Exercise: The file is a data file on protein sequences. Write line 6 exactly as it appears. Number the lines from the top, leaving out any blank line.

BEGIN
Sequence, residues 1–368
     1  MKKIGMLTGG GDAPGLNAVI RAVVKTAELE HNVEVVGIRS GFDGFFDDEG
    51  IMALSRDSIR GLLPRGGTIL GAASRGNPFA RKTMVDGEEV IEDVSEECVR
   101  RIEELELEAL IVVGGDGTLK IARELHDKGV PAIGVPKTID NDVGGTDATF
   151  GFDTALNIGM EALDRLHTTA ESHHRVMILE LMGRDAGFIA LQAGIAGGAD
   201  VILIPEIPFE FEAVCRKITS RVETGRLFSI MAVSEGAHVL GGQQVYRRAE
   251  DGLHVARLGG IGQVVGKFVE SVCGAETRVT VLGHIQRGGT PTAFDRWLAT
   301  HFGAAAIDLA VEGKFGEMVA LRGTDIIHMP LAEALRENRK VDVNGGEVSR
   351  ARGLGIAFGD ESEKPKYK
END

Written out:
   201  VILIPEIPFE FEAVCRKITS RVETGRLFSI MAVSEGAHVL GGQQVYRRAE